The Political Capital Of Fear: How It Helps Governments And Why


On Thursday last week, two days after the harrowing hostage crisis in Martin Place came to an end, Criminologist Mark Lauchs from Queensland’s University of Technology explained the difference between that ordeal and an act of terrorism.

In an interview on ABC radio he said, “This is not the same as a terrorist operation… The first thing [terrorists]do is prove they’re bona fide by taking some form of violent action such as showing they will kill someone. This didn’t happen… So we’re not dealing with a classic terrorist situation.”

Despite presumably being familiar with the definition of terrorism, the Prime Minister, on the other hand, called the incident “a brush with terrorism”, echoing headlines in the mainstream press, including the Financial Review.

Lauchs went on to explain, “Terrorism per se is to cause fear in order to extort a political outcome. It is a significant thing from the point of view of what we class as terrorism. He [Man Haron Monis] was after a personal outcome, not a political outcome… He actually has an ego-driven rather than a politically driven agenda.”

Abbott, in contrast, described the event as “politically motivated violence”.

Which was predictable. And understandable.

There is considerable political capital to be gained by exploiting the tragic events of Martin Place in pursuit of fear.

Eighteen months after 9/11, for instance, survivors in New York City were asked whether they had grown “more liberal, more conservative or stayed the same” following the terrorist attacks. Thirty-eight per cent reported becoming more conservative.

In fact, fear has consistently been found to increase conservatism and support for conservative leaders and policies, including but not limited to counter-terrorism measures. Simply evoking images of death, such as a hearse or a chalk outline of a human body, leads people of all political persuasions to more strongly endorse conservative positions on issues as varied as taxation, same sex marriage and stem cell research.

That imagery has this effect is noteworthy. Simply using a word or phrase that evokes death related imagery – such as the word ‘terrorism’ – is enough.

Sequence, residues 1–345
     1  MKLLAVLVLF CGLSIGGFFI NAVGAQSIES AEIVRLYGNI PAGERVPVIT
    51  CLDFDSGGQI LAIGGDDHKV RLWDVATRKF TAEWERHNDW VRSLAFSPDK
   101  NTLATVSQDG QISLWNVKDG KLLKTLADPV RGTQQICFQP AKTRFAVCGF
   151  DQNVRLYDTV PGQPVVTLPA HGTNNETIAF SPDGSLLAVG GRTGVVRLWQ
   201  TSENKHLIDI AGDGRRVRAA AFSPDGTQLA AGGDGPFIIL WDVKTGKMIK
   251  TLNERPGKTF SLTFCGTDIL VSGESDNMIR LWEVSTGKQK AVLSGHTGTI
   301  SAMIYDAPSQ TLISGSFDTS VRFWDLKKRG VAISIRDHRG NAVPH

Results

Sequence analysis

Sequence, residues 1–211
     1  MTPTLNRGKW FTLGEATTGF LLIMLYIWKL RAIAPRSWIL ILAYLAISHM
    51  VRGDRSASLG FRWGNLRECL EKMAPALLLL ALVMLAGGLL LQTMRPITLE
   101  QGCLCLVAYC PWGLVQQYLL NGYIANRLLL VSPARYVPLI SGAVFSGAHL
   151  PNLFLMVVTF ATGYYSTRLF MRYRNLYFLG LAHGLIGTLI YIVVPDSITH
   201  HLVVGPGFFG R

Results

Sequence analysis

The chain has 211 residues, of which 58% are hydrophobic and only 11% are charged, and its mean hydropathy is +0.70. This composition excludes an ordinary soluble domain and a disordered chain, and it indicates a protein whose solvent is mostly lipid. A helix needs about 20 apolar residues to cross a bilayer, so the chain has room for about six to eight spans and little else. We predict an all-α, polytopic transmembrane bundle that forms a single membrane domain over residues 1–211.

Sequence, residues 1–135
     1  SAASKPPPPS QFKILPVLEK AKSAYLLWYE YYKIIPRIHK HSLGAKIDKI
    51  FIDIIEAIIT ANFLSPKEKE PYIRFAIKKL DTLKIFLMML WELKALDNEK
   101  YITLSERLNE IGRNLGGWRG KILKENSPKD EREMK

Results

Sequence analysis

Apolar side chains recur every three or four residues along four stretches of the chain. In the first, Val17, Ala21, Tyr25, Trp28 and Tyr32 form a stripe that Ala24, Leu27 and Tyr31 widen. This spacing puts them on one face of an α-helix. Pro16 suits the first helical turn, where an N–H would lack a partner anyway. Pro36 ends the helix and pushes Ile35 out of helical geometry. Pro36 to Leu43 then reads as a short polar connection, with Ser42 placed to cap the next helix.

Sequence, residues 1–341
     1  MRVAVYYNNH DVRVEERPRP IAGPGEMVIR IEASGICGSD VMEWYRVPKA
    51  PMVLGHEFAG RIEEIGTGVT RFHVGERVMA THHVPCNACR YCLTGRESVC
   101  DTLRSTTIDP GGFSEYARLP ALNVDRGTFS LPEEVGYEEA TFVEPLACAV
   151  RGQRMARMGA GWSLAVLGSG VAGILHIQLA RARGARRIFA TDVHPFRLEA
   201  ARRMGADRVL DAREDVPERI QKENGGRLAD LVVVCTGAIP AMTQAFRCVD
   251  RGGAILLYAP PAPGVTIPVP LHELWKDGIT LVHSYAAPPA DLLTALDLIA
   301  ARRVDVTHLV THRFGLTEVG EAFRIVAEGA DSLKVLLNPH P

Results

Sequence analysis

Sydney siege gunman Man Haron Monis.

There are a number of reasons that fear holds such utility for governments, particularly of the conservative persuasion.

It is often said that fear is a great motivator. But it is also a great immobiliser.

When human beings fear for their life or safety, primal or “mammalian” parts of the brain take over. These brain areas operate automatically, are responsible for keeping us safe and alive, and drive the mental and physiological correlates of fear.

At the same time our frontal lobes, the seat of “executive function”, or the ability to reason, plan, resist impulses and make decisions, are dulled.

There is probably no better way to achieve a societal dumbing-down.

In a state of mortal alarm, people become hypervigilant to threat and narrowly focussed on threat-related information. They are also driven to operate in one of three modes; fight, flight or freeze. As these mechanisms are designed to keep us alive, they operate powerfully and can be difficult to override.

The fight mode involves being on a hair-trigger to attack anything that a watchful brain perceives as dangerous. Individually this can manifest in pugnaciousness and aggression, for instance harassment and violence towards social groups deemed a threat.

At a societal level it manifests as increased support for institutionalised violence, particularly the military. For example, support for military spending increased among survey respondents following the attacks of 9/11 and has been found to correlate with general physiological sensitivity to threat, including reactivity to images of spiders.